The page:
MiFID II was the second iteration of the European Union regulation, which aimed to increase the transparency across the bloc’s financial markets, especially around costs, and standardise the regulatory disclosures required for firms operating in the region.
The first MiFID policy was originally drafted in 2004 and was readdressed following the Global Financial Crisis.
The latest update, MiFID II, replaced the primary version in 2018, but was only officially implemented in August last year.
Abhimanyu Chatterjee, chief investment strategist at Dynamic Planner, described the regulation as “wide ranging, especially around the investment advice firms could provide to clients”.
Edinburgh-based abrdn explained several of the major changes to clients on its website, including the requirements for asset managers to suitably assess the appropriateness of any investment services or financial instruments for the client, and allow firms to enter into transactions in which there may be an actual or potential conflict of interest, “so long as firms can ensure that those transactions are effected in such a way that the client is not disadvantaged”.
Fund managers would also be required to provide ESG data in a standardised format for all products marketed in the EU to fund distribution channels, so that distributors can evaluate the end client sustainability preferences.
The accessibility of critically comparative ESG data has been an ongoing struggle, as different firms rank the criteria weighting and scores differently, making it arguably tougher to compare assets from an ESG perspective.
But under MiFID II, managers were not permitted to accept free research from firms providing them with trade execution services.
Chancellor of the Exchequer Jeremy Hunt promised a review of investment research rules but there has yet to be any official shift in policies related to MiFID post-Brexit.
As managers continue to untangle the practical application of the policy, Chatterjee was certain it would “ultimately be instrumental in the way investment managers work” and make them “more unaccountable for their products, as its primary objective is to protect investors and strengthen the regulatory and compliance ecosystem”.
“As with any regulatory change, MiFID II comes with spirited debate from both sides of the yay and naysayers,” he said.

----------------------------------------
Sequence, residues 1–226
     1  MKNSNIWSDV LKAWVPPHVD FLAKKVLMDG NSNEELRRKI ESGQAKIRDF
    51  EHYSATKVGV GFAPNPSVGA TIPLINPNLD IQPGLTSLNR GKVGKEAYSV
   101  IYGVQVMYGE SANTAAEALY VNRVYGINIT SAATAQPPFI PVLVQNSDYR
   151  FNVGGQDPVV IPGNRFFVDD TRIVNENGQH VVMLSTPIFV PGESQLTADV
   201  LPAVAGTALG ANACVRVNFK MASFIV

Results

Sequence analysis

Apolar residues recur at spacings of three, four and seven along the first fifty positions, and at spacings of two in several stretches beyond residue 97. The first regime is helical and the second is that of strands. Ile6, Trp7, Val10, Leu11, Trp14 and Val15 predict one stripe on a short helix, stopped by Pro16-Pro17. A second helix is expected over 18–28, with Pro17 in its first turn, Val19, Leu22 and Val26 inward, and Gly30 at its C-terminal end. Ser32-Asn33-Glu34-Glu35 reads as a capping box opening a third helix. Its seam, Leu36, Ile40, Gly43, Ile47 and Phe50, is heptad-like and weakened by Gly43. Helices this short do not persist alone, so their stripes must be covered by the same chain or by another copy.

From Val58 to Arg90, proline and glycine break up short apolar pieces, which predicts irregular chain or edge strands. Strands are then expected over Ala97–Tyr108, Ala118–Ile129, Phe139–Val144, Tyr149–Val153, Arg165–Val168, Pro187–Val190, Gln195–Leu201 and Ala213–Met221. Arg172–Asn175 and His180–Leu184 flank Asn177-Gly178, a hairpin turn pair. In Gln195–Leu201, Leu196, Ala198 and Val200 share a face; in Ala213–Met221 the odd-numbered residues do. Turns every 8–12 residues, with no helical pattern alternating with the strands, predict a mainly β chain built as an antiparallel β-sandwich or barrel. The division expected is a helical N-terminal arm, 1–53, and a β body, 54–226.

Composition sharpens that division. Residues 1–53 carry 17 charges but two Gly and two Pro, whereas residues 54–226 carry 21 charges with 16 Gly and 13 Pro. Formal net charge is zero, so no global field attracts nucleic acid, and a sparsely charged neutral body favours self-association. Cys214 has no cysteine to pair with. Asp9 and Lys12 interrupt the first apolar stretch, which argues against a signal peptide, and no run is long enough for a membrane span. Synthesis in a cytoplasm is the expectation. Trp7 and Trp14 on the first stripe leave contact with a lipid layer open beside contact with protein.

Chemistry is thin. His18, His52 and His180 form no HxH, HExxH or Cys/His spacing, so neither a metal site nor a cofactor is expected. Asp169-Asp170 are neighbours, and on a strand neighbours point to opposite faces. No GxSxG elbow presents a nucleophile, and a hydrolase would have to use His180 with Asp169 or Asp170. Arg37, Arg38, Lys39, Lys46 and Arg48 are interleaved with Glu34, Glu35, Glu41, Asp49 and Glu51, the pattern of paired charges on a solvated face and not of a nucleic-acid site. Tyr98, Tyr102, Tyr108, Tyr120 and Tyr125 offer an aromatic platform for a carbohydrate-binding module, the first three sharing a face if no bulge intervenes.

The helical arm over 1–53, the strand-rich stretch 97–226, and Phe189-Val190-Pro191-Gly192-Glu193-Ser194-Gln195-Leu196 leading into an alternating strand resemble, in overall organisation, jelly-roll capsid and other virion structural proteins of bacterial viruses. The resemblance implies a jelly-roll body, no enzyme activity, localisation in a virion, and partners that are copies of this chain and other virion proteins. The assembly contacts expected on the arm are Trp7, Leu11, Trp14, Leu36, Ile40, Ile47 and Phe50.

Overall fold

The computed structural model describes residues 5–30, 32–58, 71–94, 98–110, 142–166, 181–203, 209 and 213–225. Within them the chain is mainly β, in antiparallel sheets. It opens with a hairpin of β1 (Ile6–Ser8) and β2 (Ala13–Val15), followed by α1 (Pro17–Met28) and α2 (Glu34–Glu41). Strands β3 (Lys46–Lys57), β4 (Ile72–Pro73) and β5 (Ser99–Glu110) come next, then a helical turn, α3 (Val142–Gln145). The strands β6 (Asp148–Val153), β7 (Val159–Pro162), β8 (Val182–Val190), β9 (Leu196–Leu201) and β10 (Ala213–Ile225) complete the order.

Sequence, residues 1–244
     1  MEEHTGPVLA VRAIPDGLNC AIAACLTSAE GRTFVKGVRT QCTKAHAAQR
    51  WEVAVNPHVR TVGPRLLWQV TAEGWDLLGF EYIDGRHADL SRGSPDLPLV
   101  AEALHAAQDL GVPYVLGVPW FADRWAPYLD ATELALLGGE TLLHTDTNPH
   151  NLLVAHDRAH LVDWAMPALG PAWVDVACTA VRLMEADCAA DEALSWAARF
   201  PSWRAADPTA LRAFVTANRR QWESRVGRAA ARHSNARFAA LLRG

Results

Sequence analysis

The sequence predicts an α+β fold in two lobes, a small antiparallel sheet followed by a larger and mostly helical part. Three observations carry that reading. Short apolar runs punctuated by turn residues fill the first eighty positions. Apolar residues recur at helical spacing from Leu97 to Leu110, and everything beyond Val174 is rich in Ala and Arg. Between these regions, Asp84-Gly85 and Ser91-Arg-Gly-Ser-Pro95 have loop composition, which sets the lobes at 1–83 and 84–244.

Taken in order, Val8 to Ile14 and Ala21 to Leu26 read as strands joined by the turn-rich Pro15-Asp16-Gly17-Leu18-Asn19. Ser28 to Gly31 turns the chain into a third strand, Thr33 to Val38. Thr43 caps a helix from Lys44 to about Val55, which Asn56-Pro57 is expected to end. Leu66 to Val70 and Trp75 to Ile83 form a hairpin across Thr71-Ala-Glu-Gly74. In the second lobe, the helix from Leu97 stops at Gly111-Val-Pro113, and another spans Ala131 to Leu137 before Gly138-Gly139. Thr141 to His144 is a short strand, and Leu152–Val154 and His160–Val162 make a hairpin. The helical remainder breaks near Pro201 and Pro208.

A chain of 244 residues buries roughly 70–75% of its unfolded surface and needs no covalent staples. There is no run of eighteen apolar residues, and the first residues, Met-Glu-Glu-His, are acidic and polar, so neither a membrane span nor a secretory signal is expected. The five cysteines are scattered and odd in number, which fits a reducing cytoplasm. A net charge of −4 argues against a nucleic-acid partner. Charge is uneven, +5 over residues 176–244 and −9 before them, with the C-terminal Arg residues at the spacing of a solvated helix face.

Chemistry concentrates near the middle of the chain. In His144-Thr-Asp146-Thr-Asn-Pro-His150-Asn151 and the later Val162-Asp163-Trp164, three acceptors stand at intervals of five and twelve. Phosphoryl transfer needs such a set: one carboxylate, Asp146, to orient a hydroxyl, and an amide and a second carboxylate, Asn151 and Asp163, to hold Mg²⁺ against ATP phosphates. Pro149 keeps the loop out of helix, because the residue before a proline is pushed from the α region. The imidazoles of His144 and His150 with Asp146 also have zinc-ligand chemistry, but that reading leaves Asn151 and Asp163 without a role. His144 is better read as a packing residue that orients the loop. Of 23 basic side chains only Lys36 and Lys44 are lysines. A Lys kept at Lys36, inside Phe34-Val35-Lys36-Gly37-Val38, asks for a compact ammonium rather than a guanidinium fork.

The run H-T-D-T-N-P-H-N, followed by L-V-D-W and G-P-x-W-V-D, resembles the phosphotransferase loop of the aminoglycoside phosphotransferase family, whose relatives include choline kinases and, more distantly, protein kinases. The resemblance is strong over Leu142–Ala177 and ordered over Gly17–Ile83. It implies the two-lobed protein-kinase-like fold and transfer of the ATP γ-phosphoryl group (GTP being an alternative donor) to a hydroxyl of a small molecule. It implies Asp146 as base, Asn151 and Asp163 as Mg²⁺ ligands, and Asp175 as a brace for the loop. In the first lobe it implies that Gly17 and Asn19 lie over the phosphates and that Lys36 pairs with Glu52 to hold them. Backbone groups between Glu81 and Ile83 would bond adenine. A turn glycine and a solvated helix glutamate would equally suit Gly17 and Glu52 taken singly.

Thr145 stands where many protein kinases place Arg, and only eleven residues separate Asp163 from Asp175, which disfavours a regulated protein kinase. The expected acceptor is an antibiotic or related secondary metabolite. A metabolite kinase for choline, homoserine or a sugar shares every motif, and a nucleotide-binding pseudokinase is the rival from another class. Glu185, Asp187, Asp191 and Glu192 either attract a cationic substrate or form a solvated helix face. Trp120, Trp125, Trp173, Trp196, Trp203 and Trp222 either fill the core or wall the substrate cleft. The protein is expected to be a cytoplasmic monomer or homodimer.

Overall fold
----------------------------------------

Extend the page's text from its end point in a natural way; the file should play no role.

For Keith Watson, investment manager of CQS Natural Resources Growth and Income fund, the nuclear energy sector is likely to be a clear benefactor of the policy long term, as “it is the only carbon free form of baseload electricity generation”.
The European energy crisis prompted governments to reassess the expected pace of their energy transitions, and Watson pointed out that some had begun to examine more “progressive approaches”, including nuclear.
Hunt confirmed nuclear energy will be classed as environmentally sustainable in this year’s Spring Budget, stating the UK “needs another critical source of cheap and reliable energy – and that is nuclear”.
Watson said: “In markets such as the US and Europe, where nuclear generates some 20% or more electricity, governments previously reluctant to commit to the sector, have enacted rational, pro-nuclear policy amendments: crediting the value of their 24/7 generating capability, extending the operating lives of existing power stations and encouraging development of new reactors. In Asia, the appeal of nuclear is undiminished and the region remains a growth driver.”
He highlighted the Geiger Counter trust, which invests in companies involved in the exploration, development and production of uranium to supply the nuclear power industry, as a potential benefactor of this shift, and MiFID II.
“[Its] share price has lagged the increase in net asset value, provides investors an efficient means to gain exposure to the sector whose outlook has improved dramatically,” Watson said.
It is currently running at a 21.9% discount, according to data from the Association of Investment Companies.
Chatterjee added that while the primary and secondary impacts of the regulation continue to emerge, the core question remains of who is buying products and how: “If the answers to any of these questions are in balance positive, it will have done much to take the investment industry ahead in terms of credibility.
“It is an effort to make investment practitioners appear as partners to the life journeys of investors, helping them focus on what is important to them, their life goals and objectives.”
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